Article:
Overuse Running Injuries
What the heck? And 5 ways to make you more injury resilient
Every runner has been there or will eventually deal with overuse running injuries. Maybe it’s the cranky knee that rears its ugly head every other month despite your best efforts to stretch or foam roll your IT band. Or it’s the nagging foot/plantar fasciitis pain that sticks around for months despite rolling your foot, adding shoe inserts, taking them away, then getting new shoes, then just wearing the same old shoes as you exasperatedly deal with it. Runners, like any other athlete, are prone to certain overuse running injuries. If this sounds like you (or a friend you know who’s always bailing on runs because they’re hurt), keep reading…
Why do I keep having the same injury?
Running does not necessarily directly causes knee problems, foot pain, or ____ (fill in the blank) issue, but because running (like every other sport) involves repetitive movements patterns that build strength and endurance in certain muscles and connective tissue, BUT don’t develop other muscles and connective tissue leading to “overuse running injuries”. And if you don’t take it upon yourself to do the necessary, yet admittedly tedious, other exercises and practices to fill in these gaps in movement and strength, you are likely going to experience the same old injury (or new ones). While this is not an exhaustive list, here are 5 SIMPLE (not easy) things to start doing to make your body more resilient against these overuse running injuries:
- Dynamic warm-up 5-10 minutes prior to your run, including multidirectional leg swings, lunges, and single-leg mobility movements that challenge your balance and coordination.
- 10 minutes of glute and core strength exercises after your run (ex. Bridges, planks, etc.). AT LEAST 1 consistent strength training routine per week that includes lower body exercises (ex. squats, lunges, deadlifts).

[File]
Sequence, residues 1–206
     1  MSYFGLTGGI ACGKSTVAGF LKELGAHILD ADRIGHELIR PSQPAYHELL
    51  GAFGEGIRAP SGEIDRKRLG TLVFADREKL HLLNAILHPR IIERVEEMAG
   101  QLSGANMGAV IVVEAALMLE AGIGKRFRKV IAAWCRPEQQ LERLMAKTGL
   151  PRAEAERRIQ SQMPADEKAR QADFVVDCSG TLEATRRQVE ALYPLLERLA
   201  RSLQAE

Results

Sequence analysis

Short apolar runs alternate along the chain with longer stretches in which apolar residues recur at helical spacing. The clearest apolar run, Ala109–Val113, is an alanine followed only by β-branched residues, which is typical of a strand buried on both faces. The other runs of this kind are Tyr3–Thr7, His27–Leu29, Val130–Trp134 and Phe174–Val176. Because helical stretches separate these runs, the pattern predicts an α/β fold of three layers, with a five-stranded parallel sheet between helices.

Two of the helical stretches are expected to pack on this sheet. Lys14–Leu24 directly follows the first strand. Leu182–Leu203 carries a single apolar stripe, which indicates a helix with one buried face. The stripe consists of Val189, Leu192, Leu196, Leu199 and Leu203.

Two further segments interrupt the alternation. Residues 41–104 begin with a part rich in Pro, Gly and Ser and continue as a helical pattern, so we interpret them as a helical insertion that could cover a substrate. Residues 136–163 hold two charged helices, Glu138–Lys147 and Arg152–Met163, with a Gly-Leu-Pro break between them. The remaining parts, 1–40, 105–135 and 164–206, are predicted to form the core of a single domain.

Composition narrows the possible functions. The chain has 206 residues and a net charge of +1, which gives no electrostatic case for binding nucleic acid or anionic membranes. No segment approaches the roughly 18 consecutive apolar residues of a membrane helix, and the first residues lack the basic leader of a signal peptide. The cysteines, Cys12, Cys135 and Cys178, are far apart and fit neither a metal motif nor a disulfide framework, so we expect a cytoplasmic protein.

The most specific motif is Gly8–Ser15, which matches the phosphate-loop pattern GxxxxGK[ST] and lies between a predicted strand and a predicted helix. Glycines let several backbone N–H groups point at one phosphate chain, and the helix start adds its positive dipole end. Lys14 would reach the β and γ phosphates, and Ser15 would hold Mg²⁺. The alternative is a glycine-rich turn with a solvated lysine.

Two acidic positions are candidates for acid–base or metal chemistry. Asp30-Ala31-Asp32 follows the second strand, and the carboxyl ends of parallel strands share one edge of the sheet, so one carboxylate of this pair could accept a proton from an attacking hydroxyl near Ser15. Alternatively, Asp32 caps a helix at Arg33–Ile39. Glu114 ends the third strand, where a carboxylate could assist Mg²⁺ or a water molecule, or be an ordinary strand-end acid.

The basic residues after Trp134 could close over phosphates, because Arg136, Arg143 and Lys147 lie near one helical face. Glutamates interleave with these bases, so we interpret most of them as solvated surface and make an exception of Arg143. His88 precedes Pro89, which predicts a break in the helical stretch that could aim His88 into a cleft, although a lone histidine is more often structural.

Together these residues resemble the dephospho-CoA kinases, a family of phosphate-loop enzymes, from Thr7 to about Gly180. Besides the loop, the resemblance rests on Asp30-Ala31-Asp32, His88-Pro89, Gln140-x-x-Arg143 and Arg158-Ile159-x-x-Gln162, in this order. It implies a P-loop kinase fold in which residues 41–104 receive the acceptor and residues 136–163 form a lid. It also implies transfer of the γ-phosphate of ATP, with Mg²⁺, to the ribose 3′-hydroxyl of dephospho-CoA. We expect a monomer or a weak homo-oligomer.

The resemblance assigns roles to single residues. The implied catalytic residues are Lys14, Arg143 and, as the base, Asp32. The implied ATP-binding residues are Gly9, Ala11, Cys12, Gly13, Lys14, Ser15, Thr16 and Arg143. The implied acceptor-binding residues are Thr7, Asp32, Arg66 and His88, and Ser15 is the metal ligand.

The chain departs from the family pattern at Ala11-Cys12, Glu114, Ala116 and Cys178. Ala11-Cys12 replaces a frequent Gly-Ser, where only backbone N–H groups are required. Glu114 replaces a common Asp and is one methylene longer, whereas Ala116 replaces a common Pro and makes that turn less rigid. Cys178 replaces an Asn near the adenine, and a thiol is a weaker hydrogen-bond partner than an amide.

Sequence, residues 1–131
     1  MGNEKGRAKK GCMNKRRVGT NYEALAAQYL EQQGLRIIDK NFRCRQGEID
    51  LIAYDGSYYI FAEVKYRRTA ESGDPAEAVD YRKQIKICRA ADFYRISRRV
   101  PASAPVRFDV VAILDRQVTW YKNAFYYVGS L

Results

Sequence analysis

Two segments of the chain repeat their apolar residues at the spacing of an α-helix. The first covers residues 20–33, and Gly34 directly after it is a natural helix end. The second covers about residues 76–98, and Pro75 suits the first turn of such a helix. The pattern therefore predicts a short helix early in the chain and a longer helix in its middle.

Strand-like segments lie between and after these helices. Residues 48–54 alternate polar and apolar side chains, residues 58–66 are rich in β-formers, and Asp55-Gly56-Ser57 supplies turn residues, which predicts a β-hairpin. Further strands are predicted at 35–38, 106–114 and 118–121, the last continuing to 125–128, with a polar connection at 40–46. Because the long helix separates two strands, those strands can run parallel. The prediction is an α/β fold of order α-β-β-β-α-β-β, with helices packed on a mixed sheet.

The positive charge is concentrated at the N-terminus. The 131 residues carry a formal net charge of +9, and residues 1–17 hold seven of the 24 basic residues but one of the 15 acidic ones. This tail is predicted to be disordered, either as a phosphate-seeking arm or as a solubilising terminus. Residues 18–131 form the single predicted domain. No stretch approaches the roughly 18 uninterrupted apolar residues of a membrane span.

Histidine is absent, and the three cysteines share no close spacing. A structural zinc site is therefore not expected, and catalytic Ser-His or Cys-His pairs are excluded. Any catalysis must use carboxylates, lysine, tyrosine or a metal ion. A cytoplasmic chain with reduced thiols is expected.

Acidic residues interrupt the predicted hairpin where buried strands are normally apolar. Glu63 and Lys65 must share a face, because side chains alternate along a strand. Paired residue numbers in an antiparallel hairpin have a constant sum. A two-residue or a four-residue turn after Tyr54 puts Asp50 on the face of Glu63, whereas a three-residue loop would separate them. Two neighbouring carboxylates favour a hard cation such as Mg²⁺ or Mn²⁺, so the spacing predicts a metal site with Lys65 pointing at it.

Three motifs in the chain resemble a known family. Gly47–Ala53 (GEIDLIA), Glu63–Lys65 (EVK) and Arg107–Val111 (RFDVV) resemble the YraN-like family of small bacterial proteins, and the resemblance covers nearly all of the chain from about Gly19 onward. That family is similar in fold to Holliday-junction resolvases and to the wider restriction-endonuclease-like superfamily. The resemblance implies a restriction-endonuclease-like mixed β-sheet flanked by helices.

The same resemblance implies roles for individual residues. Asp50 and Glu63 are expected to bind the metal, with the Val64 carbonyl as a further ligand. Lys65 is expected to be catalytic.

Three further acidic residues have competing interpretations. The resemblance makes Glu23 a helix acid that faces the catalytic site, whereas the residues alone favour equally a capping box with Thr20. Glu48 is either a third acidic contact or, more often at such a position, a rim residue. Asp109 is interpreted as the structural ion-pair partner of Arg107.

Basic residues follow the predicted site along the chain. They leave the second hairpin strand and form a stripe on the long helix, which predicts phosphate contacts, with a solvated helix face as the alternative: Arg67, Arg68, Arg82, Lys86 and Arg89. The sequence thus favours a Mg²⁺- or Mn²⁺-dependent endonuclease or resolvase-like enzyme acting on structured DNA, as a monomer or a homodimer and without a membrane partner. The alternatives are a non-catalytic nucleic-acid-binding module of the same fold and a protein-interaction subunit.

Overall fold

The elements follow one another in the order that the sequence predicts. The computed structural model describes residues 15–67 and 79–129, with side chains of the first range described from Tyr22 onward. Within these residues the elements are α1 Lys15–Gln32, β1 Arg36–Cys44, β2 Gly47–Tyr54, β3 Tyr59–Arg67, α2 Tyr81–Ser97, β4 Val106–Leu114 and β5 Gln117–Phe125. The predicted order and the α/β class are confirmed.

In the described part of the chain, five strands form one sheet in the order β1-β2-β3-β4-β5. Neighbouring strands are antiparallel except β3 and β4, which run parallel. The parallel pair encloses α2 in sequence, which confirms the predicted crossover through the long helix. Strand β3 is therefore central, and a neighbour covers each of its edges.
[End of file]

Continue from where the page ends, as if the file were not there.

- Strides before a hard run or after an easy run. Strides are progressive acceleration for 40-100m working up to 90-95% of your max speed.
- Vary your routine to include shorter harder runs, longer easier runs, hills, and intervals. Basically, don’t always run at the same hard(ish) pace.
- Be active outside of the time you run. Walk, bike, MOVE versus just sitting for most of the day and only really moving your body when you run.
Notice that nothing above mentions “stretching” or even foam rolling (cue collective loud gasp). That’s not because they aren’t helpful or that I don’t believe they work, but because in a world of limited time and energy, foam rolling and static stretching every muscle in your legs is not going to make as much of an impact as you may been led to believe.
What if I’ve tried all the above, but I’m still not better?
Go see a quality physical therapist who will spend the time and effort to figure it out and give you a solid plan to get you better. Yes, this is a shameless plug for PT, but if you have a problem with your car, you go take it to a mechanic who can diagnose the problem and fix it. Likewise, if you have a movement-related problem, then you should take it to a movement expert. Let a PT assess you in your evaluation and tell you if your overuse running injuries are appropriate for PT or not and refer you to an orthopedist if necessary.